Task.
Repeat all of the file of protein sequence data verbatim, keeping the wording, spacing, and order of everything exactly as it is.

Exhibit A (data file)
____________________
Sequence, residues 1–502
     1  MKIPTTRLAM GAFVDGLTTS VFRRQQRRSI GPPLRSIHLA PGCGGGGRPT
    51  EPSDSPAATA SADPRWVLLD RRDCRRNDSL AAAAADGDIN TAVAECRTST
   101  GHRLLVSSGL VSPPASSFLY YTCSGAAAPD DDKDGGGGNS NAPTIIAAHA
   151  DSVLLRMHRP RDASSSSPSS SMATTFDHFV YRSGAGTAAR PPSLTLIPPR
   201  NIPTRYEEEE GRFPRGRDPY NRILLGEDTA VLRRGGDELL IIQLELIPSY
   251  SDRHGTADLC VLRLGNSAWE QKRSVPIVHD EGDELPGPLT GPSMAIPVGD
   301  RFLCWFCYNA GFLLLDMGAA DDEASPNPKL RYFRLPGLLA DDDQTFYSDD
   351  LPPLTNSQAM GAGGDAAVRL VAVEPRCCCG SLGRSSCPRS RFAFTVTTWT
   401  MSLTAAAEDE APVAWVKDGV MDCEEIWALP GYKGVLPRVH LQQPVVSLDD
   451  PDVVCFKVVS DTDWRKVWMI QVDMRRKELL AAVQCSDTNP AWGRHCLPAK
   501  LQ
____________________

Sequence, residues 1–502
     1  MKIPTTRLAM GAFVDGLTTS VFRRQQRRSI GPPLRSIHLA PGCGGGGRPT
    51  EPSDSPAATA SADPRWVLLD RRDCRRNDSL AAAAADGDIN TAVAECRTST
   101  GHRLLVSSGL VSPPASSFLY YTCSGAAAPD DDKDGGGGNS NAPTIIAAHA
   151  DSVLLRMHRP RDASSSSPSS SMATTFDHFV YRSGAGTAAR PPSLTLIPPR
   201  NIPTRYEEEE GRFPRGRDPY NRILLGEDTA VLRRGGDELL IIQLELIPSY
   251  SDRHGTADLC VLRLGNSAWE QKRSVPIVHD EGDELPGPLT GPSMAIPVGD
   301  RFLCWFCYNA GFLLLDMGAA DDEASPNPKL RYFRLPGLLA DDDQTFYSDD
   351  LPPLTNSQAM GAGGDAAVRL VAVEPRCCCG SLGRSSCPRS RFAFTVTTWT
   401  MSLTAAAEDE APVAWVKDGV MDCEEIWALP GYKGVLPRVH LQQPVVSLDD
   451  PDVVCFKVVS DTDWRKVWMI QVDMRRKELL AAVQCSDTNP AWGRHCLPAK
   501  LQ